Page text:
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Bartolo Colon, Dillon Gee, David Einhorn, Jose Reyes and Paul O'Neill

Bartolo Colon and Dillon Gee are both pitchers for New York teams, and they're both off to stunning starts to the season. Neither one began the 2011 season as part of his team's starting rotation.

Besides that? Not much in common.

A former Cy Young Award winner Colon pitched a shutout against the A's in Oakland, and as you can see from the PitchFX breakdown, Colon, 38, relied very heavily on his fastball: 52 four-seamers, 34 two-seamers, 11 sliders and six changeups.

If not for Colon's excellence, the Yankees might reside in third place in the AL East right now, rather than the division penthouse (a game ahead of  Boston in the loss column). Colon's Wins Above Replacement count, after all, is 1.3.

An unheralded, 21st-round pick in the 2007 amateur draft, Gee raised his record to 5-0, striking out eight, to help the Mets defeat the Pirates. Gee, 25, relied most of all on his sinker and changeup, with his four-seamer his third most prominent pitch.

Gee hasn't been anywhere as good as Colon, yet he has come through huge for the Mets after the Chris Young experiment concluded earlier than even most optimists anticipated.

So whose start to the season is more stunning? I'm going with Colon, because a) to be clear, he is pitching better than Gee, against the tougher competition; and b) Gee at least had youth on his side. Colon hasn't pitched like this since (2005).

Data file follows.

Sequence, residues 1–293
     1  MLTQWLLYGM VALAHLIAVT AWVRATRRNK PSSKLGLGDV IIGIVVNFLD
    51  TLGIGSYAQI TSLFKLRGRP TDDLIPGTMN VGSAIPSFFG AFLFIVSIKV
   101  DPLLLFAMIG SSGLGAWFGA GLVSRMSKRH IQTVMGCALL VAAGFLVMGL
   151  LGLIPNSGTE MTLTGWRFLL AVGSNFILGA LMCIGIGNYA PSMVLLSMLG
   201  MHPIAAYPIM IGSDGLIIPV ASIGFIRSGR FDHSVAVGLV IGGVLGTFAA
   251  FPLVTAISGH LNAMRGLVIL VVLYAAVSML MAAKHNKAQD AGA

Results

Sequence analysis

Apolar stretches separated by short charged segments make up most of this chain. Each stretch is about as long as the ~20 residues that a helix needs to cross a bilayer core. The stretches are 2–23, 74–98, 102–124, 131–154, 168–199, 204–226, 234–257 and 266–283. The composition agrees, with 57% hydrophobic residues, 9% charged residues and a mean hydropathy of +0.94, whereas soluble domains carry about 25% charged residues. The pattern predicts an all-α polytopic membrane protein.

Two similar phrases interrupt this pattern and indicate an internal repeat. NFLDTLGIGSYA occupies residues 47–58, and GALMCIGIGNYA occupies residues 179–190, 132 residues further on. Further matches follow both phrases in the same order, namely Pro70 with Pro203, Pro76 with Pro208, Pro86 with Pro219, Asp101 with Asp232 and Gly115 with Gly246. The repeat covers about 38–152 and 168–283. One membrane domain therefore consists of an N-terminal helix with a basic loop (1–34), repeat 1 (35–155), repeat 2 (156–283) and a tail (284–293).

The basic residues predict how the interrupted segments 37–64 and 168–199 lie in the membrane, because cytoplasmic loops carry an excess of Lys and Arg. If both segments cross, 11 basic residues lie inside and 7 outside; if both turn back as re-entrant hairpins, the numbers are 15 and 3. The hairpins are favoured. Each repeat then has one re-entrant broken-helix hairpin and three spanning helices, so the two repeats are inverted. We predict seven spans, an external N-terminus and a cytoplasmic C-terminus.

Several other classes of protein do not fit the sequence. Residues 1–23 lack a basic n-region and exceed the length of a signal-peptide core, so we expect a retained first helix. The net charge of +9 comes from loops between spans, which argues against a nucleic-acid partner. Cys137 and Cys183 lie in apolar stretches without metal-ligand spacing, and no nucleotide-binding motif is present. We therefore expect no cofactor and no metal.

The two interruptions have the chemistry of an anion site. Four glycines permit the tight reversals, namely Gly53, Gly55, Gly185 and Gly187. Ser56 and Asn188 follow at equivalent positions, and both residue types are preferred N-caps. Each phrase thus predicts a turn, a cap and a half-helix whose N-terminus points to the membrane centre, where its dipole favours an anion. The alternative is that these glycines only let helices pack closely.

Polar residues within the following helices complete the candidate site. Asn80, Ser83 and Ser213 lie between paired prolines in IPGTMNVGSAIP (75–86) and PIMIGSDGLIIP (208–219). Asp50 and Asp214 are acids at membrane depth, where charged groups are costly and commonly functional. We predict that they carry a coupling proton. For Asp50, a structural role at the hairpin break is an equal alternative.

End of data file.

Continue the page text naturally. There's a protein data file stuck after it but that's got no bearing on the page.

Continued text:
Who's more likely to keep this up? Gosh, I guess I'll say Colon, just because of all the bats he's missing. Even though part of me still thinks that he'll be on the disabled list sooner than later.

--David Lennon wrote about hopeful Mets minority owner David Einhorn, who made his second visit to Citi Field in three days. I heard over the weekend that the term for Einhorn to get the opportunity to take over controlling interest of the Mets was more in the 5-to-8-year range than three years. We'll see if we'll get more clarity in the coming weeks.

Whatever the term, however, it's hard to envision the Wilpons and Saul Katz being in position to fend off Einhorn when the day of reckoning arrives. No matter how good a job Sandy Alderson and his lieutenants do at the baseball operations level.

--Funny story by Neil Best, who (with Jim Baumbach's help) tracked down some poker players who went against Einhorn. The Watchdog also spoke with Paul O'Neill, who is working more on YES this year. 

--Jose Reyes is missing a few days to be with his family, in the wake of his grandmother's death.

 --Ivan Nova's leash is short, Joe Girardi made pretty clear. And by making it clear, Girardi obviously hoping to send Nova a wakeup call for his next start. We'll see if it works.

--Let's do a contest later today.

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